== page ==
Now I am a few step closer to the solution. I have written “jpg -> 0 and 1 converter” I can load 3d geometry, and produce VTK files. Everything seems to be fine, but the problem is in inlet and outlet boundary conditions. I have started with simple tunnel on 10x10x15 lattice. The part of my code where I define bc is fallowing

Do I properly define boundary conditions in order to achieve pressure gradient ? I understand that in BGK model pressure and density are connected according to ideal gas law and there is no additional method to define pressure?

I obtained some results ( simulation runs) but physical interpretation is rather strange or difficult.
I will be very grateful for any further help.

To get a pressure condition, you must use “setPressureCondition…” instead of “setVelocityCondition”.

Right, the ideal gas law states that p = 1/3 rho. However, when you compute p, you need to convert everything to lattice units. I am pretty sure that 0.8 vs 1.2 is a too large pressure difference. You can read the following document about unit conversion:

Hi, if it’s about pressure difference, then the 1/3 goes away. For the rest, the formula looks OK. As an example, you can use a density of rho=1 at the inlet and rho = 1 - 3*(DeltaP_{Phy}*dt_{phy}^2/dx_{phy}^2) at the outlet, if DeltaP is positive.

I have to define Re but I don’t know u0 which I here understand as fluid speed (correctly?) - this is exactly what I need to calculate for Darcy law. Maybe there is different way to calculate Re before simulation ?

A problem with the converter. I try to use converter i.e

LBunits<T> converter(uMax, Re, 50., 1., 1., 1.);

but I have got:
loadGeometry.cpp:61: error: ‘LBunits’ was not declared in this scope
during compliation. What is wrong ?
Anyway I still can’t use the converter as long as I don’t know Re number.

You can circumvent the problem by working entirely in lattice units; you don’t need to know the Reynolds number to verify Darcy’s law. Start by doing the unit conversion from physics to lattice units so you have a rough estimate of an appropriate value of deltaP in lattice units (and use Darcy’s law to know the velocity, which you put into the definition of the Reynolds number. Then simply vary the pressure gradient, and verify Darcy’s law right away, working in lattice units.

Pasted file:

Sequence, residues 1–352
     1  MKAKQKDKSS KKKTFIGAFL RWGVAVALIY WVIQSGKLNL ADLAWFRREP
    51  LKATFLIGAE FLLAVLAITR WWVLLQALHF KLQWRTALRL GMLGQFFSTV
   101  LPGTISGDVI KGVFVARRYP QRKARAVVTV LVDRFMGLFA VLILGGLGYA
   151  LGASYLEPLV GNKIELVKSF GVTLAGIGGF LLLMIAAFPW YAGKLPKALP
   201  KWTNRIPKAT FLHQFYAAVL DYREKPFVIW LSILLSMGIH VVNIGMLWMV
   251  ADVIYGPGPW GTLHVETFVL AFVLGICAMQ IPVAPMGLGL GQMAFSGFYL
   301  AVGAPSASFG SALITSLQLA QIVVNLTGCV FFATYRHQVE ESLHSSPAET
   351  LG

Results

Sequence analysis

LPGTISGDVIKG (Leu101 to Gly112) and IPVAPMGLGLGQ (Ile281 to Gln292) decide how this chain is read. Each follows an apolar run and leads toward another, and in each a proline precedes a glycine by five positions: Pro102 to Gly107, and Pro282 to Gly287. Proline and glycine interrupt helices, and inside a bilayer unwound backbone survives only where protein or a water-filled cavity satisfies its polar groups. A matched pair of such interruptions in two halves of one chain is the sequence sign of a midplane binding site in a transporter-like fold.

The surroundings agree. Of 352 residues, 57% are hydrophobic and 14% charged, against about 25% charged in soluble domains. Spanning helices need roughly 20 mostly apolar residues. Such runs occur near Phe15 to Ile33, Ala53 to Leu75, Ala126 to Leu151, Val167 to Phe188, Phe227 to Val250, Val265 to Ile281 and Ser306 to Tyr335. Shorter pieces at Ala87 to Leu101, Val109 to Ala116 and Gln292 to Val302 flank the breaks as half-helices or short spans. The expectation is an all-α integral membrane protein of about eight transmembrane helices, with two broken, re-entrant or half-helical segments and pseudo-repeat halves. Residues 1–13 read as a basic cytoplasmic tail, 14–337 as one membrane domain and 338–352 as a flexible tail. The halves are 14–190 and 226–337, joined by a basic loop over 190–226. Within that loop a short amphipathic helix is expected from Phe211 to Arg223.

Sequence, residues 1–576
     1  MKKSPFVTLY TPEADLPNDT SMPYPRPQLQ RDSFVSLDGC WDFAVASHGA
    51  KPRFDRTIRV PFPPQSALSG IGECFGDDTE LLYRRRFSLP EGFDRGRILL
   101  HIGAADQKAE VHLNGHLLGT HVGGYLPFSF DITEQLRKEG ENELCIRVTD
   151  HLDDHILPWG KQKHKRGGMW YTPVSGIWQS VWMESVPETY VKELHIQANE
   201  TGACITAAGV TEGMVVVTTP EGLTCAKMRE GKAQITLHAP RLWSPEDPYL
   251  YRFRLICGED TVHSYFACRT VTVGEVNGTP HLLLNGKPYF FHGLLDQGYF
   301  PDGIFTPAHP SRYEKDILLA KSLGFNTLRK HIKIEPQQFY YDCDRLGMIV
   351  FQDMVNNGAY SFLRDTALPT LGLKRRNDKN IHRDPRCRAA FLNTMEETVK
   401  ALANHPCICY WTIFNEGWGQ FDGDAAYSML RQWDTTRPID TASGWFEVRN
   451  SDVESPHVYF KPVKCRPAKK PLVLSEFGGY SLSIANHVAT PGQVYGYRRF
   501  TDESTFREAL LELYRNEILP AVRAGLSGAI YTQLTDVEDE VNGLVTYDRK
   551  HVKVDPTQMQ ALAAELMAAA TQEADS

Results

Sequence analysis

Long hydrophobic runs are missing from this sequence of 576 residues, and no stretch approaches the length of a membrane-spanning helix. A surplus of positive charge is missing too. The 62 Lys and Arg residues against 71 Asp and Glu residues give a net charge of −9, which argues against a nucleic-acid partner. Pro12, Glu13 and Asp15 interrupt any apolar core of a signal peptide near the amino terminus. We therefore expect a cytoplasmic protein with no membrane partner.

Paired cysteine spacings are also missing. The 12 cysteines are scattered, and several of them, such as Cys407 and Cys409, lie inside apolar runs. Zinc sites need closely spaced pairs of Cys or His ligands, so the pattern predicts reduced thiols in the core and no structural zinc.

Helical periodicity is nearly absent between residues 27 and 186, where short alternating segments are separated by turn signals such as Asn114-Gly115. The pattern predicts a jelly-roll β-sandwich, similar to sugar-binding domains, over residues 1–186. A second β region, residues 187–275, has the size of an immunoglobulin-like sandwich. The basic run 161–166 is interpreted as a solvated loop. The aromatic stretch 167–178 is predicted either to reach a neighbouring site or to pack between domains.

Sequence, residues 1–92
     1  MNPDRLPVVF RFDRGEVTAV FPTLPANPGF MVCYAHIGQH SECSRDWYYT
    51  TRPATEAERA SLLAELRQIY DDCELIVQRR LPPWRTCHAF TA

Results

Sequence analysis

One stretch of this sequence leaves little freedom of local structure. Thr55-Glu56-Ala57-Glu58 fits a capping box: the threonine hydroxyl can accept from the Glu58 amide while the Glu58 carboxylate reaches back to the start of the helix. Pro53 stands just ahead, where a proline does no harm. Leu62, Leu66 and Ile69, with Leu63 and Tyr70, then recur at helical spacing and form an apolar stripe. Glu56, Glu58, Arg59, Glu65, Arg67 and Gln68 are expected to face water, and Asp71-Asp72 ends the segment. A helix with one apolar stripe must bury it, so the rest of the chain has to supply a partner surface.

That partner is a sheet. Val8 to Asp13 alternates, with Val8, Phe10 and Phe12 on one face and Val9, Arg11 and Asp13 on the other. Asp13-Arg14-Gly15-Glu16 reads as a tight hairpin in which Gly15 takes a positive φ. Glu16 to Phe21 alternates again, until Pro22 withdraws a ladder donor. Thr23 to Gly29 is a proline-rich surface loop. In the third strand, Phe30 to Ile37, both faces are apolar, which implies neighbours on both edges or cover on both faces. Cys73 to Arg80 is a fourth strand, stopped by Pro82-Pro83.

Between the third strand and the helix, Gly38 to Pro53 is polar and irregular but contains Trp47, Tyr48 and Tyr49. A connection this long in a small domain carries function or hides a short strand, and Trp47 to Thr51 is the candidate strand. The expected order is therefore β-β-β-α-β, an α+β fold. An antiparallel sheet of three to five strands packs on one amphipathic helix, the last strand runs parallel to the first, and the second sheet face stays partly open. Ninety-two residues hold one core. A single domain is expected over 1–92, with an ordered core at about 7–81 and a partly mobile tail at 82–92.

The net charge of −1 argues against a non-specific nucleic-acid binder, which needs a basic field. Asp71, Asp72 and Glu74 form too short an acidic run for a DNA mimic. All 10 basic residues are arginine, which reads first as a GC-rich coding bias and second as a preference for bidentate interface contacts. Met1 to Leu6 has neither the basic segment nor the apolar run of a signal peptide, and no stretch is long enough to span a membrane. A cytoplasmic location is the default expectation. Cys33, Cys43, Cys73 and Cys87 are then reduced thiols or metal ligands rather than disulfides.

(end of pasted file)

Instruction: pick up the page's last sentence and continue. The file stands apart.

Am not sure if I understand. My goal is to find permeability of some sandstones, not only general verification of Darcy law, so physical units are necessary, I reckon.

How can I compute dt_phy ? I have read that dt should be proportional to dx^2 in dimensionless units. What about dt_phy ?

I can’t also work out how to compute filtration velocity in Palabos (discharge per unit area, with units of length per time). I need it to Darcy law. Any hints ?

I am not sure if it is a proper approach but in order to compute the filtration velocity I am going to compute norm of average velocity component perpendicular to inlet and outlet. Then filtration velocity should be equal to this norm times porosity ? Am I right ? Has anyone any experience in porous media simulation in Palabos and could help me ? I would appreciate and kind of help. Thanks in advance.

Maybe I try to ask more specific question.
My physical porous medium:

lx = 800 [um]
ly = 800 [um]
lz = 800 [um]

average single pore size = about 50 [um]
porosity = about 25%
fluid = water => nu_phy = 10^-6 [m^2/s]

I have ASCII file 200x200x200 characters which is obtained from uCT measurement.
I have imposed pressure boundary condition on inlet and outlet. I added 25 free fluid surface on inlet and outlet.

So, I suppouse that deltaX_phy=deltaY_phy=deltaZ_phy = 800[um]/200 = 4[um]

and deltaX_lu= … 1/200 ? right?

How should I define variables in IncomprFlowParam? So far I use
N=1
lx=ly=lz =200
Re =1
Umax =0.02
but shouldn’t it be rather like:

N=200
lx=ly=lz = 1 … ?

I am still confused about it.

How can I estimate Re ? I want to simulate flow of water so I know nu_phy, but how about characteristic velocity.

I want to change value of pressure difference in order to obtain permeability from Darcy law, but how can I compute discharge of fluid and convert it into physical unit.

I would appreciate any kind of help.
Sorry for maybe quite silly quesitons.

I just want to be sure that everything is
correct.

Can anyone give me some hints how to use the
“converter” in Palabos code, please?

On which paper did you see this formula:DeltaP_{LB}=1/3+DeltaP_{Phy}*dt_{phy}^2/dx_{phy}^2?
i simulate simple component multphase flow in porous media use Shan-Chen model.i have a problem about the pressure.when i use the BGK model the pressure inlet is many times greater than the Shan-Chen model when other parameter are same.did anyone have the same question?

I´m working on something quite similar, although I did not move to 3D so far.

Right now I´m also busy with implementing physical units, so i can´t help you there (yet).

For the boundary conditions and the applied pressure gradient, i simply apply an external force on every lattice cell, the code and my answers to finally get it working in 2D can be found in http://www.lbmethod.org/forum/read.php?4,2111
I also use periodic boundaries, and the applied force in x-direction represents a higher pressure on the right and a lower on the left border.